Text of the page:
Journal of Modern Physics, 2012, 3, 1678-1682

http://dx.doi.org/10.4236/jmp.2012.330205 Published Online October 2012 (http://www.SciRP.org/journal/jmp)

Path Integral Formulation for Ionic Broadening in

Plasmas: Lyman-α with Fine Structure and

Dynamical Effects

N. Bedida, M. T. Meftah

Laboratoire de Rayonnement et Plasmas et Physique des Surfaces (LRPPS), Université Kasdi Merbah Ouargla,

Ouargla, Algérie

Email: n_bedida@yahoo.fr, mewalid@yahoo.com

Received August 19, 2012; revised September 17, 2012; accepted September 24, 2012

ABSTRACT

Using the path integral formalism, the fine structure and dynamics effects are taken into account for the broadening of

spectral lines in a plasma. A compact expression of the dipolar autocorrelation function for an emitter in the plasma is

derived for Lyman alpha lines with fine structure. The expression of the dipolar autocorrelation function takes into ac-

count the dynamics effects, which are represented by the time microfield autocorrelation function.

Keywords: Path Integrals; Autocorrelation Function; Electric Dipole; Fine Structure; Dynamical Effects

1. Introduction

The spectral line shapes of radiative atoms and ions in

the plasma provide valuable diagnostic tools for a num-

ber of physical quantities, such as the density and tem-

perature of charged particles, the transported radiative

energy, and possibly the determination of electric fields

[1]. The shape of lines in a plasma results from the inter-

actions between the radiator and all constituents (neutrals,

electrons and ions) of the plasma. With variable contri-

butions depending on plasma conditions, causes of broad-

ening are the Doppler effect, which is produced by the

movement of the radiator, natural broadening, due to the

finite lifetime of the atomic excited state, and what will

be the focus of this paper, the Stark broadening which is

due to the interaction between the radiator and the elec-

tric field of the two kind of perturbers (ions-electrons) [2].

This problem has been widely studied using the standard

Hamiltonian approach of quantum mechanics. It started

with the work of Baranger [3], and Kolb and Griem [4].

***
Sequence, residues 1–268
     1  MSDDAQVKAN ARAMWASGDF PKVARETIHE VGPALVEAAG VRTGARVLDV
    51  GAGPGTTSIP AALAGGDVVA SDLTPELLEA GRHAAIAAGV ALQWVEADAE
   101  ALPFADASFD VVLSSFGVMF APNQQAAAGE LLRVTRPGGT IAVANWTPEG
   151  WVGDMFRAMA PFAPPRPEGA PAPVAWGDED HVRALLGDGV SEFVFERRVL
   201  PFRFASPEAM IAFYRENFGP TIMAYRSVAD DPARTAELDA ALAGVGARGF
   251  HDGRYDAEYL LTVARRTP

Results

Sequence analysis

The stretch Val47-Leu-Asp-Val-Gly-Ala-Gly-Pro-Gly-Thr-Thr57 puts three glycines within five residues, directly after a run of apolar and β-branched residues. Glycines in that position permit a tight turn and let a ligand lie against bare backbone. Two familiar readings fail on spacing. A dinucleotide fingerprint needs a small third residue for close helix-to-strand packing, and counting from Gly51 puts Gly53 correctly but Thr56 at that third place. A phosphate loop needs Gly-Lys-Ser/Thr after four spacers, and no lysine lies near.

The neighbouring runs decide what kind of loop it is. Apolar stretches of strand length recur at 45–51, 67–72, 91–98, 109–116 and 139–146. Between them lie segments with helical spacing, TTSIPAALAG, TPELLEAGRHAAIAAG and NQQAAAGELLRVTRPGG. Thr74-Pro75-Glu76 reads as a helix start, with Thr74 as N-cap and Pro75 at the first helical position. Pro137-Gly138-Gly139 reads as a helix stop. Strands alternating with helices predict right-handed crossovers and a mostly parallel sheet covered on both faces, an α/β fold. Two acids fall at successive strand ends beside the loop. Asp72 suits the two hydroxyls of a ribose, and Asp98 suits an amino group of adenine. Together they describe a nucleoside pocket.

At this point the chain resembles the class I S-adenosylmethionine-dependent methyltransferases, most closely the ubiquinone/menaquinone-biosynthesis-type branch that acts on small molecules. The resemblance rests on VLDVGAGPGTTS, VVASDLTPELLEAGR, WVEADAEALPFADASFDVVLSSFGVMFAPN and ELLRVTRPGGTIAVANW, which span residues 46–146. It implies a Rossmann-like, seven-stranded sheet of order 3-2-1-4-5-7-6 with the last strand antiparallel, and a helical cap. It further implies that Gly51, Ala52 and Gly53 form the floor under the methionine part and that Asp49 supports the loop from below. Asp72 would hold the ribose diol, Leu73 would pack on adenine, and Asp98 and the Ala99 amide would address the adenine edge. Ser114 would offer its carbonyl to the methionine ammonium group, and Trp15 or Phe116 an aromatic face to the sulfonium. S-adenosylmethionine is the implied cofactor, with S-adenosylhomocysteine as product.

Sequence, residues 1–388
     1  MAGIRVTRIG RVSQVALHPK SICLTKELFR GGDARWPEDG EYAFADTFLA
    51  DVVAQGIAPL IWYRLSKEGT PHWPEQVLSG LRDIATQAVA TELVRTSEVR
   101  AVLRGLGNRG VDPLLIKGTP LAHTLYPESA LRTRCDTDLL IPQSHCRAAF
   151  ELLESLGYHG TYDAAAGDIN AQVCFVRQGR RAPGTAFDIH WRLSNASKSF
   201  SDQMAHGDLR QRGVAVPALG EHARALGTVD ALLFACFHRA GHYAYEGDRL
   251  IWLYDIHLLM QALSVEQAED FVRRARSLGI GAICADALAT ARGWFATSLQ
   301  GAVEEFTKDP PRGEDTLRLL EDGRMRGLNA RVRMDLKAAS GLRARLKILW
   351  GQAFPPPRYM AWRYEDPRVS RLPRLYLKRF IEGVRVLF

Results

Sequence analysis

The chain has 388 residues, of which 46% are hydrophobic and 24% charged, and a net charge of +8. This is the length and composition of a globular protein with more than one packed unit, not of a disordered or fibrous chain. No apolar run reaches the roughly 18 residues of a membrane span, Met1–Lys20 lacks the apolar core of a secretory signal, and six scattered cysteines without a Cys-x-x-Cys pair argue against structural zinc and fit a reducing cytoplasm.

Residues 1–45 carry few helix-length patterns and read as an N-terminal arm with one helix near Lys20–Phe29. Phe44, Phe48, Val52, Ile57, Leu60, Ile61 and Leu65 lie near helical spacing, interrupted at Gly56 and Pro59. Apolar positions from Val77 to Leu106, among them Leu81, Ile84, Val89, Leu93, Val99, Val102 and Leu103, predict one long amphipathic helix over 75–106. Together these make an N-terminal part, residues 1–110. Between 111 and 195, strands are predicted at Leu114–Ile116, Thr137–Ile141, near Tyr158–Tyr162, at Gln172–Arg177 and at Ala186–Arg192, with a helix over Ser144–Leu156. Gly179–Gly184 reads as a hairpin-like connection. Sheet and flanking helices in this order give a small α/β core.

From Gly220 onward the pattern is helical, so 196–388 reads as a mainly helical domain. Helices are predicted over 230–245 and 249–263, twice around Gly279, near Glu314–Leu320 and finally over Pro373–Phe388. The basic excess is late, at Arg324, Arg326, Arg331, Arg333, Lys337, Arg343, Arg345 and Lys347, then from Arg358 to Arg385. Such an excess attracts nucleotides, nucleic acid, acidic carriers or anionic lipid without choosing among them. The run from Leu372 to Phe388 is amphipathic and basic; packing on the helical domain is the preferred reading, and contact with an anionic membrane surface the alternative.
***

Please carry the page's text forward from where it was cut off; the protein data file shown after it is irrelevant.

In these classic papers on Stark broadening, the electrons

are treated within the impact theory, and the ions in the

quasi-static approximation. Both kind of particles having

a Coulomb interaction with the radiator, the difference

between ions and electrons is merely due to their velocity

difference. For many plasma conditions, ions are slow

enough to justify the use of a quasi-static approximation,

but for hydrogen plasmas. In our investigation, we intro-

duce an alternative method able to take into account the

fine structure and the dynamics effects. This method is

based on the Feynman path integral formalism [5,6]

which deals with electrons and ions on the same physical

basis. The general frame for this formalism has been pre-

viously developped [7,8], but has then only be applied to

the static ion case. Using this formalism, one can treat

time-independent and time-dependent problems on the

same footing, which is a real advantage over the standard

Hamiltonian approach when solving time-dependent pro-

blems.

In this paper we retrieved the formula of the dipolar

auto-correlation function common in the line broadening

theory. Our derivation uses the Feynman path integral

formalism. Since the mean time of the electron-emitter

collision is negligible compared with the ion-emitter one,

we shall replace the electron-emitter collision effects by

a standard collision operator, whereas the ion-emitter

collisions effects, via the dipole approximation, will be

treated in the perturbative approach using the path inte-

gral formalism. Section 2 is concerned by with rather low

density, and/or high temperature, this static approxima-

tion may however no longer be valid. The formulation of

the dipolar auto-correlation function and in Section 3, we

apply earlier results to the Lyman alpha line with fine

structure in time-dependent electric microfield. Conclu-

sion and perspectives are given in Section 4.

2. The Spectral Line Shape in the Path

Integrals Theory

We start here by the time dipolar autocorrelation function

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